Originally written on Taking Bad Schotz  |  Last updated 11/20/14

WASHINGTON DC, DC - SEPTEMBER 23: Corey Crawford #50 of the Chicago Blackhawks defends his net against the Washington Capitals during their preseason game on September 23, 2009 at the Verizon Center in Washington, DC. (Photo by Jim McIsaac/Getty Images)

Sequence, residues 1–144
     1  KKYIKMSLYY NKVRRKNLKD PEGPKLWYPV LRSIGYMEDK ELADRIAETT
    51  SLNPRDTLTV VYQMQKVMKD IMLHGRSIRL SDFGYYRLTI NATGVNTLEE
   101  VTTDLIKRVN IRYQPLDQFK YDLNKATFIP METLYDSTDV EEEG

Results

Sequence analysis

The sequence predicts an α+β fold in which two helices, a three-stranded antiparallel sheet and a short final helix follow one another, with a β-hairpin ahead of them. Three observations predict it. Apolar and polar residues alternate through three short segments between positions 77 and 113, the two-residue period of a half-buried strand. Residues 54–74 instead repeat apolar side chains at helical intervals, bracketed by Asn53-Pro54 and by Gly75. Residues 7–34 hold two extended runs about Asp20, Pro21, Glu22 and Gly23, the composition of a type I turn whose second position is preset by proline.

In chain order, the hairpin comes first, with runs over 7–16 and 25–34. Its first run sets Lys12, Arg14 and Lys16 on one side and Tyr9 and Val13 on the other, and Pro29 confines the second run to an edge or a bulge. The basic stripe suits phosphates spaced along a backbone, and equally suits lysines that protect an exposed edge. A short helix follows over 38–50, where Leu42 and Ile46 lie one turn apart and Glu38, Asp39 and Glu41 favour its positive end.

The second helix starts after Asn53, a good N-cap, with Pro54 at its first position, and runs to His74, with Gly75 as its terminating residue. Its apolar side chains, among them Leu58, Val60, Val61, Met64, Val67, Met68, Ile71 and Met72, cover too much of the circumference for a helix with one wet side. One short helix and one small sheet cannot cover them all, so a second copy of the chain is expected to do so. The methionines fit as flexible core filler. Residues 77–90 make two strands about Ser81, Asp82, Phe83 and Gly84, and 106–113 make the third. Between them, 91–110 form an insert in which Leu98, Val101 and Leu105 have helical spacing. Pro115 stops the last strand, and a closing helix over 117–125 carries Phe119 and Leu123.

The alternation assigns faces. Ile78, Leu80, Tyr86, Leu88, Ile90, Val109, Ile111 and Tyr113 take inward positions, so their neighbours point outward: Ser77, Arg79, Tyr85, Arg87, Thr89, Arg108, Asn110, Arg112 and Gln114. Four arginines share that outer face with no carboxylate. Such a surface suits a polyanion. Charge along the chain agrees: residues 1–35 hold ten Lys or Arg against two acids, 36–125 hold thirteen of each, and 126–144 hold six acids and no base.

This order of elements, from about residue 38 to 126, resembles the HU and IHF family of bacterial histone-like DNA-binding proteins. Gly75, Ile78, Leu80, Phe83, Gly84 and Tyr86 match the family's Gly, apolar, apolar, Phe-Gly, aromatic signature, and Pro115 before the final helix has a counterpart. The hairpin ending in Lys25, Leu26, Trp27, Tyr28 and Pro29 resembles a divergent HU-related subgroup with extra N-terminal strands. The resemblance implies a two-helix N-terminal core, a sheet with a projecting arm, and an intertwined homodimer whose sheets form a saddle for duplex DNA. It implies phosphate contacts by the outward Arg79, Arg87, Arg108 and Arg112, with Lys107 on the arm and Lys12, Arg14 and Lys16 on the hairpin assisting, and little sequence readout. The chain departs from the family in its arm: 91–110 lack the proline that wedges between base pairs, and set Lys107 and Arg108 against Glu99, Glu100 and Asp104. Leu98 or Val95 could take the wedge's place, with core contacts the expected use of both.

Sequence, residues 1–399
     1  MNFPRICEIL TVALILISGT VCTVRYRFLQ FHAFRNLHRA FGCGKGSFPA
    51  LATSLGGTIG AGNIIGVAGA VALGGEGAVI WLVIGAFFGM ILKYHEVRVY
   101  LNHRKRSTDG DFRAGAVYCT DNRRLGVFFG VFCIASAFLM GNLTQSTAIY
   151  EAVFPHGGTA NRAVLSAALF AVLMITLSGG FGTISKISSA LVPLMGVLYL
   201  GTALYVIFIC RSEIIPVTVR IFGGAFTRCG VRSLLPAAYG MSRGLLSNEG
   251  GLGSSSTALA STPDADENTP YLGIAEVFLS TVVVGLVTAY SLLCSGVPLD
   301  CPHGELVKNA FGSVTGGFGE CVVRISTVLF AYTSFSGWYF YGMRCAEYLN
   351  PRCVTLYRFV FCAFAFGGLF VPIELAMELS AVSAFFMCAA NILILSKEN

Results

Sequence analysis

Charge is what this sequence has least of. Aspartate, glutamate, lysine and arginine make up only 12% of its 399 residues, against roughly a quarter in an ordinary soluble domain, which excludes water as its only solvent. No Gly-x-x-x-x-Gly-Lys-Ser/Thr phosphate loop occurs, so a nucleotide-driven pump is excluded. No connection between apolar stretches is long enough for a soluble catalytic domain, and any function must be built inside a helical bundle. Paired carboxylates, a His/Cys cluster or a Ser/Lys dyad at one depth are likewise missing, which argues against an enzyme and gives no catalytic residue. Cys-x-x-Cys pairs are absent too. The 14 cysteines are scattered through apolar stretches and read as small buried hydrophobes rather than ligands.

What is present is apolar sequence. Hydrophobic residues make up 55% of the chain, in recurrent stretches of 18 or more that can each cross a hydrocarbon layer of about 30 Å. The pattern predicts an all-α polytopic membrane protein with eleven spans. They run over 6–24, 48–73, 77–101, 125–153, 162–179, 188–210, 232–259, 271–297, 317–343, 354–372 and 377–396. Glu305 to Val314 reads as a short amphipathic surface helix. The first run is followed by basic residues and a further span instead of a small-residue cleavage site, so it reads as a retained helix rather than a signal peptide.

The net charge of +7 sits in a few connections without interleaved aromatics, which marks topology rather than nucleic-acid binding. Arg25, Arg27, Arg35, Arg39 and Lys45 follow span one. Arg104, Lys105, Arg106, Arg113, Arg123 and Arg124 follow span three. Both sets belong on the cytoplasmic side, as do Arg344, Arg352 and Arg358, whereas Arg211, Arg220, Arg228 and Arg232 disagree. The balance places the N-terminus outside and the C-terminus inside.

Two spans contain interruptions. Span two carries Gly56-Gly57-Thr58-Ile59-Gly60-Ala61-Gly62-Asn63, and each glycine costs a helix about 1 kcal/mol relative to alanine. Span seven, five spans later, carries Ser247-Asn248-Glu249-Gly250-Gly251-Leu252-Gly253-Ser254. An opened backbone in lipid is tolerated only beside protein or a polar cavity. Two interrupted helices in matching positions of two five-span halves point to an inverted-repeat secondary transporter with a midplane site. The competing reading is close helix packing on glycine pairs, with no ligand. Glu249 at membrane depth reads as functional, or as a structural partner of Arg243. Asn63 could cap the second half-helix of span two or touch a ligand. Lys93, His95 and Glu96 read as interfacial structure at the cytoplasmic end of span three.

After their game one marathon win, the Blackhawks came out firing in game two, yet Tuuka Rask outlasted Corey Crawford for his own overtime victory. Then in game three, the Bruins seized momentum and executed in the offensive, putting them up two to one. Some were already giving the B’s the series; the Chicago stars, which rose from the dead in game four, heard those people. via celwalls.com With goals from Toews, Sharp, Kane, and Seabrook accompanied by nifty finishes from Handzus and Krugger, one would think they would have ran away with the game. And they should have. If not for lackluster play by Corey Crawford, the game would have been a blowout. All five Bruins goals were scored glove side on the Canadian net minder while he only faced 33 shots total. A save percentage of .848 won’t win many games in the NHL, especially in the Stanley Cup. Luckily, his forwards were there to bail him out. Photo Credit: Associated Press If the goalies had swapped teams for the game, the score would be extremely lopsided. While Crawford struggled to see the puck all night, Rask gave the Bruins a chance to win even though his cage was under siege for the full game. Line after line they peppered Rask, sending 47 shots his way on the evening. Nearly every goal scored would have taken a miraculous effort to stop. Rask even managed to stop Kruger’s first attempt as he was left all alone in the slot. Thanks to a slow back check, Kruger collected his own rebound to cash it in. For letting in six goals, it would have been difficult for the Bruin goalie to play better. If the onslaught of pressure carries over for the Blackhawks, the series might as well wrap up now. Fore-checking and disruption define the Bruins play and it was difficult to sustain that style on Wednesday night. Crawford can even continue to play mediocre goaltending with an absent glove hand if the ‘Hawks put up six goals again. The way the Bruins will have to regain momentum is at the faceoff dot. In the game four loss the Bruins nearly split the faceoff battle, winning just one more faceoff than the Blackhawks. In games two and three combined, which Boston both won, they won 30 more faceoffs than Chicago.  The best way to beat a team that thrives on puck possession is simple: don’t let them have the puck. Patrice Bergeron is Claude Julien’s guy when it comes to a big time draw. Over the playoffs, he’s won just over 62 percent of his battles at the dot. Even more impressive is his 71 percent success rate in the two Boston victories. Again, the more possession the Bruins can grab, the less momentum the Blackhawks can muster up. Before game four I thought a split was well in reach of Chicago. And after game four, I don’t think the Bruins are too far away from battling back. However, with two out of three games at home for Chicago, it’s hard to see them losing the three game series that remains to decide the 2013 Stanley Cup Champions. The NBA got a seven game series, so why not a hockey complement? I see the ‘Hawks in seven, riding the hot pairing of Toews and Kane. -Miller
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